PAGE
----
These symbols are seen in official capacities, such as flags, coats of arms, postage stamps, and currency, and in URLs.

They appear less formally as recurring themes in literature, art and folk art, heraldry, monuments, clothing, personal decoration, and as the names of parks, bridges and streets.

Pacific golden plover

The Pacific golden plover (Pluvialis fulva) is a medium-sized plover. The genus name is Latin and means relating to rain, from pluvia, "rain". It was believed that golden plovers flocked when rain was imminent. The species name fulva is Latin and refers to a tawny colour.The 23–26 cm long breeding adult is spotted gold and black on the crown, and back on the wings. Its face and neck are black with a white border, and it has a black breast and a dark rump. The legs are black. In winter, the black is lost and the plover then has a yellowish face and breast, and white underparts.

It is similar to two other golden plovers: the Eurasian and American plovers. The Pacific golden plover is smaller, slimmer and relatively longer-legged than the European golden plover, Pluvialis apricaria, which also has white axillary (armpit) feathers. Overall, the Pacific golden plover is found to be more similar to the American golden plover, Pluvialis dominica, with which it was once considered conspecific as "lesser golden plover". The Pacific golden plover is slimmer than the American species, has a shorter primary projection, longer legs, and is usually found to have more yellow on the back.

This wader forages for food on tundra, fields, beaches and tidal flats, usually by sight. It eats insects and crustaceans and some berries.

The breeding habitat of Pacific golden plover is the Arctic tundra from northernmost Asia into western Alaska. It nests on the ground in a dry open area.

It is migratory and winters in south Asia and Australasia. A few winter in California and Hawaii, USA. In Hawaii, the bird is known as the kōlea, and in New Zealand it is known to Māori as kuriri. It is very rare vagrant to western Europe. They return to the same wintering territory each year, which allowed scientists in Hawaii to attach tiny light level geolocator devices to the birds and then retrieve them the following year in the same location. This research revealed that these birds make the 4800 km non-stop flight between Alaska and Hawaii in 3–4 days.

Padjelanta National Park

Padjelanta (Swedish: Padjelanta nationalpark) is a national park in Norrbotten County in northern Sweden. Established in 1963, it is the largest national park in Sweden with an area of 1,984 km2 (766 sq mi), and part of the UNESCO World Heritage Site Laponia established in 1996.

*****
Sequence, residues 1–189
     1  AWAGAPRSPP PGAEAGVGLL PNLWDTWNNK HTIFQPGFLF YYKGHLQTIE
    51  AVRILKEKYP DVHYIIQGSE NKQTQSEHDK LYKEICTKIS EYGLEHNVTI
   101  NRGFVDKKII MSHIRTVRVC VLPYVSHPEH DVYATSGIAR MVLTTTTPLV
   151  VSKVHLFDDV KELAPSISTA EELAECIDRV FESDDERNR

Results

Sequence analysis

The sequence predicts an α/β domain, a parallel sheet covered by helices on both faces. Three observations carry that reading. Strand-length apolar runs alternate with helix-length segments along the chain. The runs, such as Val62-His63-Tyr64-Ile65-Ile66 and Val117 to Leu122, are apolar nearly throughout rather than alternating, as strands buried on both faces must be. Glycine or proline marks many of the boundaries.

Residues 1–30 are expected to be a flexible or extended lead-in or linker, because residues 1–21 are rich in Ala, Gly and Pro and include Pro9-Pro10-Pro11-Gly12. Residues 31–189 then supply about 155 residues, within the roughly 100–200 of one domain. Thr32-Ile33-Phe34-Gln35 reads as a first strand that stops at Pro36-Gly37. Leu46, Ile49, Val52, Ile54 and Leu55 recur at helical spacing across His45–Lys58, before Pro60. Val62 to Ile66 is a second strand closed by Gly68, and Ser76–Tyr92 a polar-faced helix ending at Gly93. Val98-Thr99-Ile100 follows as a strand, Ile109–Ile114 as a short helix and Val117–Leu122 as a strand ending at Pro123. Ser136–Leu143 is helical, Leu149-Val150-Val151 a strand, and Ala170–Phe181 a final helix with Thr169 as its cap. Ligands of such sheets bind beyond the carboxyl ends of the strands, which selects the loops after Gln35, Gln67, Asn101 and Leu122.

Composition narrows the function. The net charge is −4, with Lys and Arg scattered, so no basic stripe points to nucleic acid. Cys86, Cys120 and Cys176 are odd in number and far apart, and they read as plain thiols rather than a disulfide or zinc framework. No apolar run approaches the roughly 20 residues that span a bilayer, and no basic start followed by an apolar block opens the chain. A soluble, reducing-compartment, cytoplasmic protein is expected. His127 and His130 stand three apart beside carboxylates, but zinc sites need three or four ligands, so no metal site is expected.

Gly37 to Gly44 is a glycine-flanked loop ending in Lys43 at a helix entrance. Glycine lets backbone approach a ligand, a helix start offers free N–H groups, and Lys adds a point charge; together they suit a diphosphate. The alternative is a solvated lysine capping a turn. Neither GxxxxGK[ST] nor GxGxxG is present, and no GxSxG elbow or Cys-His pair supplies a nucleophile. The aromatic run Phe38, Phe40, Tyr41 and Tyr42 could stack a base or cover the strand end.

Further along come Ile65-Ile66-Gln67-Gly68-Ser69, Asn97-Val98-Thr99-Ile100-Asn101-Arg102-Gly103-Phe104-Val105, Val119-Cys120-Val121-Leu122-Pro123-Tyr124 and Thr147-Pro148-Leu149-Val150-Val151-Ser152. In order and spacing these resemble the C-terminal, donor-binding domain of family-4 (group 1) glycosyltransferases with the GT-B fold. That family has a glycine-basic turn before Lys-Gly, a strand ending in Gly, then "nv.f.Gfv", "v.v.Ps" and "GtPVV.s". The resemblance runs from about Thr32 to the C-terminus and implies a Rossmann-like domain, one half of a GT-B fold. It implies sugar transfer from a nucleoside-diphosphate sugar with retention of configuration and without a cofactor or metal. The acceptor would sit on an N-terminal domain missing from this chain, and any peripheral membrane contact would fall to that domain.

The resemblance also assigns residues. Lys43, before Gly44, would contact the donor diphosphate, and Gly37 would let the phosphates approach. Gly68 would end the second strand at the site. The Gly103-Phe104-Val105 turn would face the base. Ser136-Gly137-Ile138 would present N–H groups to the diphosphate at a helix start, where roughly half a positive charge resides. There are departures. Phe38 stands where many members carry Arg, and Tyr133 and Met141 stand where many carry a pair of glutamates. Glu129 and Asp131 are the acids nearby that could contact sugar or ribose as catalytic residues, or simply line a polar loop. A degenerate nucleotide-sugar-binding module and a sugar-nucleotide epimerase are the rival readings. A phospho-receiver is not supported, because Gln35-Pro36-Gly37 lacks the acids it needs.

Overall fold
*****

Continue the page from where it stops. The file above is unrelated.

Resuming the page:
Plover

Plovers ( or ) are a widely distributed group of wading birds belonging to the subfamily Charadriinae.

Pluvialis

Pluvialis is a genus of plovers, a group of wading birds comprising four species that breed in the temperate or Arctic Northern Hemisphere.

In breeding plumage, they all have largely black underparts, and golden or silvery upperparts. They have relatively short bills and feed mainly on insects, worms or other invertebrates, depending on habitat, which are obtained by a run-and-pause technique, rather than the steady probing of some other wader groups. They hunt by sight, rather than by feel as do longer-billed waders.

Stora Sjöfallet National Park

Stora Sjöfallet (Swedish: Stora Sjöfallets nationalpark) is a national park in Norrbotten County in northern Sweden, in Gällivare Municipality and Jokkmokk Municipality. The national park is 1,278 km2 (493 sq mi) and the third-largest in Sweden. It is about 20 km (12 mi) above the Arctic Circle by the Norwegian border and lies north and south of the lake system of the Lule River.The area was declared a national park in 1909. The national park is part of the Laponian area, which is a UNESCO World Heritage Site. Stora sjöfallet is also a part of Natura 2000, which is a network for protected areas in the European Union.

Thy National Park

Thy National Park (Danish: Nationalpark Thy) is a national park area in Thy, Denmark, opened to the public on 22 August 2008. It is located in Northwest Jutland, along the coast from Hanstholm to Agger Tange and it spans 55 km (34 mi) north to south and 5–12 km (3.1–7.5 mi) east to west. The total area of the national park is 244 km2 (94 square miles).The dune and heath landscape of Thy was officially selected on 29 June 2007 to be the first national park in Denmark proper (Northeast Greenland National Park was established in 1974). Other national parks have been established later.The governmental Forest and Nature Agency states:

A Danish national park contains the most unique and characteristic Danish nature. ...The idea is about improving and strengthening the Danish nature, and giving both local and foreign visitors better possibilities to experience, use and get knowledge about nature, the landscape and the history of civilization.

Thy National Park is thus not just a simple tourist attraction.

Ķemeri National Park

Ķemeri National Park (Latvian: Ķemeru nacionālais parks) is a national park west of the city of Jūrmala, Latvia. Established in 1997, Ķemeri is the third largest national park in the country by area, covering an area of 381.65 km². The territory of the park is mostly occupied by forests and mires, the most significant of them being The Great Ķemeri Bog (Latvian: Lielais Ķemeru tīrelis). There are also several lakes, that are former lagoons of the Littorina Sea. Lake Kaņieris is a Ramsar site. The park also protects the famous natural mineral-springs and muds, used for centuries because of their therapeutic nature. The springs led to development of many resorts, spas, and sanitariums in the 19th century.